June 16, 2010


Fr. Thomas Loya, June 12, 2010

[Sr. Helena's overabundant, opinionated, intrusive comments in brackets.]

In Theology of the Body, you can't talk about men without talking about you can't talk about women without talking about men.

In the latest issue of "Atlantic Monthly," the cover story is "The End of Men?" According to the article, women are basically taking over everything. Many traditionally male jobs such as manual labor are no longer the way that industry and business are going. Men feel inadequate and so they act immaturely and women just move on without them.

There's an inset to the article that questions: "Are Fathers Necessary?" The conclusion is: there is nothing essential about men (except sperm, which can just be gotten from a donor bank), but we'll let Dad stay because we've gotten used to him. [Insert any sitcom premise here. Since men are socialized by externals as Fr. Loya always says, what message are young men getting about the father of the family through popular media? E.g., "Family Guy," "Two and a Half Men"?] [Define "essential." Just what is Dad's "essence"? Is it only about reproduction? How about raising kids? How about being a husband?]

The article claims that there are no studies that show children are better off in a home with a parent of each gender or in a two-parent home for that matter. [Cow patties! Define "better off." Often, "better off" is measured in functional, rudimentary or market terms: Did the child graduate from school and get a good job? Stay out of jail?] Fr. Loya also says that a comparison can't be made here between "heterosexual marriage" and "gay marriage" because there's no such thing as "gay marriage." [Sr. Helena challenges these so-called "studies." Dale O'Leary does a lot of work/research in the field of gender, and reads all the footnotes and fine-print. She says that these so-called studies are often nothing of the kind, and even the findings they point to—which no one reads—are actually saying something opposite! You can Google her books.][Sr. Helena thinks this article may really coming from a gay activist source, because there are individuals and organizations who do nothing but push acceptance of "alternative lifestyles" from all different innocent-seeming angles. There are groups in Hollywood that make sure there is a sympathetic gay character on every show. Sr. Helena thinks that the recent spate of strange, totally out-of-the-blue, highly-publicized same-sex celebrity kisses are also carefully engineered.]

We hear the statement: "The Church is patriarchal." We don't stop and capture each word (like we should in TOB!) and so we put our head down and start apologizing: "Oh, I know. I'm so sorry. Maybe someday when we have a different pope things will be better," etc., etc. But instead of "running through" words and sentences like our opponents want us to do, we need to not go "across" the words, but "down." Plumb the depths of the words. What do they really mean? Make the person saying them stop and think about them. Question them about what each words means.

PATRIARCHY—comes from "patris" meaning "father." Are fathers bad? If some are, does that mean we say that all fathers are? Are fathers supposed to be bad? What are fathers really supposed to be? [If you hear some music that you don't like, does that mean all music is bad? If you like jazz and you hear some bad jazz bands, does that mean all jazz is bad? Like, why would you identify the ABUSE of something as the THING itself? Unfortunately, some people's experience of father has just been so distorted and sad. It is all they've ever known. BUT, how did they know it was a BAD experience? That the father was BAD? They must have SOME CONCEPT OF WHAT A GOOD FATHER SHOULD BE.] "Father" SHOULD be the warm part of the word.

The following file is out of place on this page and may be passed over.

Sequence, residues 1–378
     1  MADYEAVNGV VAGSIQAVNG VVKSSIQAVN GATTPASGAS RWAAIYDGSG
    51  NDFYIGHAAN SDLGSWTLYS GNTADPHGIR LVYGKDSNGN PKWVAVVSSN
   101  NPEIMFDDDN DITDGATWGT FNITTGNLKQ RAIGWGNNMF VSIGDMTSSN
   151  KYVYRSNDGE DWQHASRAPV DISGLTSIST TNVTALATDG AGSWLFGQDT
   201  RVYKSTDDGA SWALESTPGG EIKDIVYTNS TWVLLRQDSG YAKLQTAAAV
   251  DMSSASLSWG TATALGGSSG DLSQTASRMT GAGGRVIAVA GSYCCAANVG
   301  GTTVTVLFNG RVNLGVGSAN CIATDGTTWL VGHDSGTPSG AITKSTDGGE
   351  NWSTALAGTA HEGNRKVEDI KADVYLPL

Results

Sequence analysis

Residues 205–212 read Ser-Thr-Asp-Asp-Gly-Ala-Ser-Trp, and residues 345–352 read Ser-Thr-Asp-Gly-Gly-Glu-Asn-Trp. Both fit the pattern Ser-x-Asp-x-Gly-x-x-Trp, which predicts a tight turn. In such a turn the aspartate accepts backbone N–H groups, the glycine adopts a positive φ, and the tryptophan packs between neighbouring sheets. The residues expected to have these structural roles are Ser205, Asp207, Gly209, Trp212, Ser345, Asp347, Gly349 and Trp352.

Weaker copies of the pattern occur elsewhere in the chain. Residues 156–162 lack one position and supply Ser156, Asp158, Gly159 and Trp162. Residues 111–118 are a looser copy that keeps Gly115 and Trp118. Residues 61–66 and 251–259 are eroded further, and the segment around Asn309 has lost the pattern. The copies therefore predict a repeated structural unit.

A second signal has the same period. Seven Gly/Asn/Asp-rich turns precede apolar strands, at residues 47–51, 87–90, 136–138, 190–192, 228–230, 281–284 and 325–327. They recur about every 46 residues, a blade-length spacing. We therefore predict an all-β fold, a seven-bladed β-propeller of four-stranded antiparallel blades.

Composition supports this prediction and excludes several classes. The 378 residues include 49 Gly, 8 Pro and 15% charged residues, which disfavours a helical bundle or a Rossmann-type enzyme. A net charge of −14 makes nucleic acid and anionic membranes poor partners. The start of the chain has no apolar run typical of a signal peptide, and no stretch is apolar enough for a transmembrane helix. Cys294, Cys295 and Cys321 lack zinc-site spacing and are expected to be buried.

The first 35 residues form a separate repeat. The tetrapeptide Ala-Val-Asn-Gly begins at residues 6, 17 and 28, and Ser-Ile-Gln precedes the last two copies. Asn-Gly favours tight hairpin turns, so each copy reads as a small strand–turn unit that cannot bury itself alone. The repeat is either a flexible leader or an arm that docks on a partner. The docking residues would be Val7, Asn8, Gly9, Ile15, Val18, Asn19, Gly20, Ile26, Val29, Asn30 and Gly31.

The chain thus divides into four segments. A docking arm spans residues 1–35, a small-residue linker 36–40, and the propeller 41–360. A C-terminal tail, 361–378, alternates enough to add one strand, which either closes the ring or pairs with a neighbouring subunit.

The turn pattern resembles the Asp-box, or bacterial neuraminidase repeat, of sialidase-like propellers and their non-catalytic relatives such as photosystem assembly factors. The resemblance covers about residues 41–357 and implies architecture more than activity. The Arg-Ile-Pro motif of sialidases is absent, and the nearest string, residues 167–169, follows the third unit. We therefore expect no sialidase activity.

What should a father be?
guide, provider, protector, model for son, shows daughter whom to marry, shows family what God the Father is like, order, authority [and upholder of his wife's authority, "The Lord…confirms a mother's authority over her sons." Sirach 3:2 ] From physiology, men/fathers are sacrificial, spending themselves for their families, planting the seed.

"-archy" means "overseer," like "overarching." It also means ruler, author, initiator. Are these bad things? This is the colder part of the word.

Fr. Loya has a book written by a dude who was part of a group of Evangelicals who converted to Orthodoxy: "Missing from Action—Vanishing Manhood in America." Excerpt: "When men don't THINK and DO THEOLOGY (and not just do commerce and work), they leave theology up to feminine piety." [Or, rather, simply, women. Sr. Helena could not agree more. She always found Evangelical men more attractive than Catholic men because they actually knew something about their faith and could articulate it. Catholic men seemed always to "celebrate their ignorance" of the Faith, even if they were very faithful to Catholic practices. However, Sr. Helena thinks that TOB is giving Catholic men a voice to their faith; TOB is making theology concrete, interesting, fascinating and do-able to the common layman.]

The book goes on to say that theology is a (manly) man's task (that men need to take up!) [Not that women can't "do" theology, but there is that divine order in creation where the man "initiates," even spiritually. Even her most radical feminist days, Sr. Helena always thought it was stupid that women objected to men (exclusively) preaching to women in church, because Sr. Helena a) basically liked what men had to say and how they said it b) women are perfectly capable of finding their own voice—preaching in church is just ONE locus and form of discourse c) men have no control over how we HEAR what they say and what we do with it, and we can't help but hear/receive/process as the women that we are (even though she had very little clue what it really meant to be a woman at that point). The great Sr. Thea Bowman, FSPA, when asked about "women's ordination" said: "I can preach anywhere I want. On the street, in the home, in the school, in the workplace, on the bus. And who are you going to listen to first, anyway? A man in a white dress in a pulpit or yo Momma?"]

The "Atlantic Monthly" article went on to say that since women are outnumbering men in college now (studying), there are campaigns to recruit men for college. (Used to be the opposite.) Many boys/men don't like school because it may not be the way men learn (it may be feminized in its approach, also with more and more female teachers). [Sr. Helena also thinks it has to do with guy's socialization: Do other men value an intellectual man—beyond technological geeks?] Same-sex schools are helpful so that guys can concentrate on academics.

Men were created first [in first account of Creation in the Bible. JP2G says we have to read BOTH accounts of Creation together because they explain each other and are not contradictory]. Why? He was given authority so that the order of love and life could thrive. Even in the Trinity, there is a hierarchy of sorts, a divine order. The Father is the Source! Jesus' whole life was about revealing the Father and doing the will of the Father.